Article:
# Tag Info

13

A key difference between spontaneously broken symmetries and "emergent symmetries" is that emergent symmetries are never exact while spontaneously broken symmetries are backed by exact maths although the ground state isn't invariant. In most cases, the "emergent symmetries" only emerge if some parameters are fine-tuned, and even if it is so, they are only ...

10

First of all, unlike mass/energy, the entropy is not an observable. The word "observable" may be understood both as an adjective and as a noun ("an observable"). Entropy isn't an observable because it is not given by a linear operator acting on the Hilbert space (or on the space of density matrices), $$L: |\psi\rangle \to L|\psi\rangle$$ Instead, the ...

8

I think that there is two levels of answer in this question, whether we talk about an exact scheme (the RG is one in principle), or about the practical implementation/calculation. If one could implement the RG scheme exactly, one would capture emergence, since this is equivalent to solving the problem exactly. So, if you know the correct question, that is, ...

8

The superfluid phonons have the linear dispersion $\omega=ck$, and the low-energy effective theory is Lorentz invariant. So the superfluid is an example of emergent Lorentz symmetry. The statement: The velocity of sound in the superfluid is the same for all inertial observers, regardless of their relative motion to the superfluid is valid if the clock and ...

8

At present, the Navier-Stokes equations for the dynamics of water haven't yet been derived from microscopic principles.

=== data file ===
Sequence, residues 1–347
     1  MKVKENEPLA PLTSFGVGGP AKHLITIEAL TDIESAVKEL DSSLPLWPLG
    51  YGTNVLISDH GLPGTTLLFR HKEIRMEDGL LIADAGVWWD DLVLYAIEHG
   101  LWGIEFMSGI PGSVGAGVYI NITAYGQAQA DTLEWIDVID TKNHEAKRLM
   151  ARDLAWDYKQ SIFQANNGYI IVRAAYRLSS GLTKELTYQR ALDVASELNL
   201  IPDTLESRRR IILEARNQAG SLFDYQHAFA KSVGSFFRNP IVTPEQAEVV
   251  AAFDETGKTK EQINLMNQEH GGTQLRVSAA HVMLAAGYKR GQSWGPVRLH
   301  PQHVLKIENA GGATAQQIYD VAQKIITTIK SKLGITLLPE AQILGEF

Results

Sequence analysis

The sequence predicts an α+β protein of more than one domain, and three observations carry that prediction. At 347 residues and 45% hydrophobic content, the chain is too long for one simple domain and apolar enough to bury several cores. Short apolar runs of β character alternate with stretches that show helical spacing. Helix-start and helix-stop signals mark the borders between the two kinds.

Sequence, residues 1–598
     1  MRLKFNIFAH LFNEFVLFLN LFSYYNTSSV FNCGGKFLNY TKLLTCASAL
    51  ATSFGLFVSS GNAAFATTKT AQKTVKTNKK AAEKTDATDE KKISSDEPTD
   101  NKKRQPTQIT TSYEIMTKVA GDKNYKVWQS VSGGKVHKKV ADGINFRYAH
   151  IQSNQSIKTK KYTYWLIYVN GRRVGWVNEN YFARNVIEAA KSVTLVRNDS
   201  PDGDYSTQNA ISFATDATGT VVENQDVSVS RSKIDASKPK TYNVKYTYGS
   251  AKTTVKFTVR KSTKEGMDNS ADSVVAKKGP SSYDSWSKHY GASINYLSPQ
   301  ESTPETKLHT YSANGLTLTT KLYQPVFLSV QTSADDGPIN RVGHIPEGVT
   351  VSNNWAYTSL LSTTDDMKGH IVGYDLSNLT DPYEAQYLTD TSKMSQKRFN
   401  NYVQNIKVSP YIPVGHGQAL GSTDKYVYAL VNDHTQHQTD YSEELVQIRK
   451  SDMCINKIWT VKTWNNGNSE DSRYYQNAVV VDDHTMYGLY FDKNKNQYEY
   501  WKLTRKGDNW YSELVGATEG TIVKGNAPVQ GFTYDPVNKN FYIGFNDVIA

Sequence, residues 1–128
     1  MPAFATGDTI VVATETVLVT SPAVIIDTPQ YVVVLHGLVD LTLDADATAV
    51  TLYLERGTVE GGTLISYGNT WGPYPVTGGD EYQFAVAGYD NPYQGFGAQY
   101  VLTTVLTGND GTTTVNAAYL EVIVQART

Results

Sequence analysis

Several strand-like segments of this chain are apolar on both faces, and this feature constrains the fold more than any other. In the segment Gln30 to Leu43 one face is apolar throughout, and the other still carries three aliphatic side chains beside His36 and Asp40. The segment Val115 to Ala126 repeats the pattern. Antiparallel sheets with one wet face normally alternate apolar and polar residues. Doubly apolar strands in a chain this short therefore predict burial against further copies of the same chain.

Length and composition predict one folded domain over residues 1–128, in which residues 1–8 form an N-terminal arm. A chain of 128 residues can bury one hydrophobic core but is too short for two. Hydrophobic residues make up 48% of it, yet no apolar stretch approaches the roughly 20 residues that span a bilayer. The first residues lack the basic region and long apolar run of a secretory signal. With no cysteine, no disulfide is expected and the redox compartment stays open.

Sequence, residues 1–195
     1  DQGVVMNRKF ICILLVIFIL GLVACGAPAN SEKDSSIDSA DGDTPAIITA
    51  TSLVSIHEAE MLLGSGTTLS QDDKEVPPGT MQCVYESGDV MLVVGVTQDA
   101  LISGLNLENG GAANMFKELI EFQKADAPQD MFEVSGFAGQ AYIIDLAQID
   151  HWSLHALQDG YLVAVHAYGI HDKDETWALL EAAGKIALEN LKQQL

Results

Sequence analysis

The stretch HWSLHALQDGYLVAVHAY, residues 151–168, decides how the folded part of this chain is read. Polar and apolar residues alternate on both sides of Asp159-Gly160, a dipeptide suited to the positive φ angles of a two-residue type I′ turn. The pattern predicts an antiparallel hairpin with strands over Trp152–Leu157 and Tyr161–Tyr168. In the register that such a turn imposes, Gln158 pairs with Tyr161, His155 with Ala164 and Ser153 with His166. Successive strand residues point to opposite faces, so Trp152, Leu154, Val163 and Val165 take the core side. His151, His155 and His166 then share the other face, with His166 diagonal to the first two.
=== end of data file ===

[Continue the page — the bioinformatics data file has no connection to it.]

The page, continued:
7

This is an example from hydrodynamics. When the effects of viscosity can be ignored (inviscid flow), a uniform incident flow can exert on immersed bodies only lift forces perpendicular to the asymptotic flow velocity. However, there exist an infinite number of solutions of the flow equations of motion satisfying the asymptotic conditions at infinity and the ...

4

It is curious that no one has answered the most obvious one: Non-perturvative Einstein(-Hilbert) general relativity.

4

Your second sentence is not correct in our current understanding of physics. Photons are not an "emergent property of space-time" - photons appear even when we take space-time to be a fixed object. Photons are "not due to electrons... jumping around" - they can be created by the motion of charges but they are independent objects. Photons are just as real as ...

4

I was wondering something similar few month ago. Then I concluded that most of the topological staffs appear at the boundary between two different topological sector. A sector being characterised by a Chern number, or if you prefer a topological charge, one needs a boundary / an interface between two systems characterised by different topological charge. ...

4